A subtlety in restoring previous window position
A common feature for many applications is to record their screen location when they shut down and reopen at that location when relaunched. If implemented naively, a program merely restores from its previous position unconditionally. You run into usability problems with this naive implementation. If a user runs two copies of your program, the two windows end up in exactly the same place on the screen. Unless the user paid close attention to their taskbar, it looks like running the second copy had no effect. Now things get interesting. Depending on what the program does, the second copy may encounter a sharing violation, or it may merely open a second copy of the document for editing, or two copies of the song may start playing, resulting in a strange echo effect since the two copies are out of sync. Even more fun is if the user hits the Stop button and the music keeps playing! Why? Because only the second copy of the playback was stopped. The first copy is still running. I know one user who not infrequently gets as many as four copies of a multimedia title running, resulting in a horrific cacophany as they all play their attract music simultaneously, followed by mass confusion as the user tries to fix the problem, which usually consists of hammering the “Stop” button on the topmost copy. This stops the topmost instance, but the other three are still running… If a second copy of the document is opened, the user may switch away from the editor, then switch back to the first instance, and think that all the changes were lost. Or the user may fail to notice this and make a conflicting set of changes to the first instance. Then all sorts of fun things happen when the two copies of the same document are saved.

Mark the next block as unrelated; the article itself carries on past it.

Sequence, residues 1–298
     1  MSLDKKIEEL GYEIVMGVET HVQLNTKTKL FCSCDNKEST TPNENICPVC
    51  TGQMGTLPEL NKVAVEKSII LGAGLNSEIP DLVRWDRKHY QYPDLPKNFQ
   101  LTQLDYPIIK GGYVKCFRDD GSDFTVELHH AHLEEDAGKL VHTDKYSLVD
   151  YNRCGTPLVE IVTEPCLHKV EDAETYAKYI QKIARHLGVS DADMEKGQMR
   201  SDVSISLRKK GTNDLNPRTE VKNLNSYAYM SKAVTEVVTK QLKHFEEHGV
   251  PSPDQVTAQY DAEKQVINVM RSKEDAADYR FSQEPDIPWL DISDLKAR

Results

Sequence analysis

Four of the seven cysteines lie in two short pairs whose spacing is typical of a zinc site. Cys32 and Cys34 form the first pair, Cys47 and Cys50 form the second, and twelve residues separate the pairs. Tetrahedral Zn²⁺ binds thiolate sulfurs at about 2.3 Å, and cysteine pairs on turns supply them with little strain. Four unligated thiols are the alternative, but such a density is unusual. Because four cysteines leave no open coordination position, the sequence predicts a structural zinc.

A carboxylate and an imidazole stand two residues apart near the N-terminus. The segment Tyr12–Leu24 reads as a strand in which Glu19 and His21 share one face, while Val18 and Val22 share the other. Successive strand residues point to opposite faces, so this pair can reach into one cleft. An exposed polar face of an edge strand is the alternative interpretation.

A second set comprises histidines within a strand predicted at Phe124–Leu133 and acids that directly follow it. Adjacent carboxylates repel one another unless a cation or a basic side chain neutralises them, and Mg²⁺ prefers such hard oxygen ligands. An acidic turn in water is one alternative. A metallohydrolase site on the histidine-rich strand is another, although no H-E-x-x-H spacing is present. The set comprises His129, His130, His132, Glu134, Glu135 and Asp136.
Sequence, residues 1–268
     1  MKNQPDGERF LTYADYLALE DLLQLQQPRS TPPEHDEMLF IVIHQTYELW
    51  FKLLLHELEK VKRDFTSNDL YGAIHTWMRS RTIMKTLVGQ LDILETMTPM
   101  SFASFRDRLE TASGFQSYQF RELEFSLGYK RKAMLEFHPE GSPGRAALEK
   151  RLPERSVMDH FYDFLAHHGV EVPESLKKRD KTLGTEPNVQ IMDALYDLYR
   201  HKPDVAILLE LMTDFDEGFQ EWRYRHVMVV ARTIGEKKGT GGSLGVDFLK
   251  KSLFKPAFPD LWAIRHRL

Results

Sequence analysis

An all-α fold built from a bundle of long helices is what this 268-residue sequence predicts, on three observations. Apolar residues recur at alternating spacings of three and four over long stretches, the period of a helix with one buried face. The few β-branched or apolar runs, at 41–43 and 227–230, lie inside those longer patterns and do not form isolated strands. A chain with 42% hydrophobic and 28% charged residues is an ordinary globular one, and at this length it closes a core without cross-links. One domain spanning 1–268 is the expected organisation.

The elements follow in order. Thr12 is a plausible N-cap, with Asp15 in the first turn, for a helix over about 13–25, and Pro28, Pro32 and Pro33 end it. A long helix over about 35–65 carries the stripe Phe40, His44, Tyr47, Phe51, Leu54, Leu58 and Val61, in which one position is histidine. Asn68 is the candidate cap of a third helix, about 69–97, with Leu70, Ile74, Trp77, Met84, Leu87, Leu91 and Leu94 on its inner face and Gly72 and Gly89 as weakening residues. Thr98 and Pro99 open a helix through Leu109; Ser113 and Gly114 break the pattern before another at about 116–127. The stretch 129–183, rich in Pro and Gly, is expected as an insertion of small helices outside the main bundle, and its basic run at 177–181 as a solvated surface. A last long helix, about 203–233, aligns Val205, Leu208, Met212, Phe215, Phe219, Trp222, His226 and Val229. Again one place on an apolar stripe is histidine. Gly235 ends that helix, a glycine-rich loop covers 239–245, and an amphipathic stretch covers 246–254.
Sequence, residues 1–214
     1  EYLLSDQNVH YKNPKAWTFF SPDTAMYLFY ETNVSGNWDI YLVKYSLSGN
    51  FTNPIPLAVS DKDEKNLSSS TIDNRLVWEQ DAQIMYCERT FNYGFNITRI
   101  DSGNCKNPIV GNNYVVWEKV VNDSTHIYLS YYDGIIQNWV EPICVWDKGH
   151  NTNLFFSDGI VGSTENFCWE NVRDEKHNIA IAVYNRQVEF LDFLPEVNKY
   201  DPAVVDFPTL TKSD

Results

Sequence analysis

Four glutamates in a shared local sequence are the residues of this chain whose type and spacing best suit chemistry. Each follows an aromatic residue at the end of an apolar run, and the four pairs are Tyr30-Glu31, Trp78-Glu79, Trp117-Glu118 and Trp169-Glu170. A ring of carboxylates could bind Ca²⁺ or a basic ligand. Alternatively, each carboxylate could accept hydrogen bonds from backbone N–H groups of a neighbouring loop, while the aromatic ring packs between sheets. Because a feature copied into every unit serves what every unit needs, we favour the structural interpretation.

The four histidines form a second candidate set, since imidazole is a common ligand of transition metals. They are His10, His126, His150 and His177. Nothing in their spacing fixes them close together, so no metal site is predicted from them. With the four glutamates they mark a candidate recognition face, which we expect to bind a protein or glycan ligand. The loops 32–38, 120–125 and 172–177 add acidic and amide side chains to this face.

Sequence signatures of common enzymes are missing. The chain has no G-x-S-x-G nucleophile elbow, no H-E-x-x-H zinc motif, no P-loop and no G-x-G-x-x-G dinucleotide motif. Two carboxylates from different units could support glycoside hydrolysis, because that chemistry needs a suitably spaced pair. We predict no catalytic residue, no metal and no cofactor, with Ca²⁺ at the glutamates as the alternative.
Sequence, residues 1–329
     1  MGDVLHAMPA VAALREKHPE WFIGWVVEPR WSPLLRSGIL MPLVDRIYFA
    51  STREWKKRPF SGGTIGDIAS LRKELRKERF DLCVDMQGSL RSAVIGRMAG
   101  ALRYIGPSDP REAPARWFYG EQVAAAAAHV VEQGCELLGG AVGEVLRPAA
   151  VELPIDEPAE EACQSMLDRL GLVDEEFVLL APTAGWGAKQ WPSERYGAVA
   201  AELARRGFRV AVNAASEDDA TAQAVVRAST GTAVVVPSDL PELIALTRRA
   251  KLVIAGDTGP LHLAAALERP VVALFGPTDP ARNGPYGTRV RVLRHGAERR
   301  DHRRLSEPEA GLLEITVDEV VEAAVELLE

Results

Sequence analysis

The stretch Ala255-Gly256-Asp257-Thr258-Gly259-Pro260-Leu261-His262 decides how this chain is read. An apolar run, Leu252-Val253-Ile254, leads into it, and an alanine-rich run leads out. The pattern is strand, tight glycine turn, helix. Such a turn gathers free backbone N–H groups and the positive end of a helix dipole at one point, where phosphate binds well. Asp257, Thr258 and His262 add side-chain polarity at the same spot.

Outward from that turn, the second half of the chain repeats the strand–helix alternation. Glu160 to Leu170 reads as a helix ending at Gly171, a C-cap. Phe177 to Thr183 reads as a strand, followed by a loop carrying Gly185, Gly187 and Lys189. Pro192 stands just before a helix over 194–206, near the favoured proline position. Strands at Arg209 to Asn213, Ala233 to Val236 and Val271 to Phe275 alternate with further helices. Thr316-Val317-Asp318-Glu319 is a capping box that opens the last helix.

Moral of the story: If your program saves and restores its screen position, you may want to check if a copy of the program is already running at that screen position. If so, then move your second window somewhere else so that it doesn’t occupy exactly the same coordinates.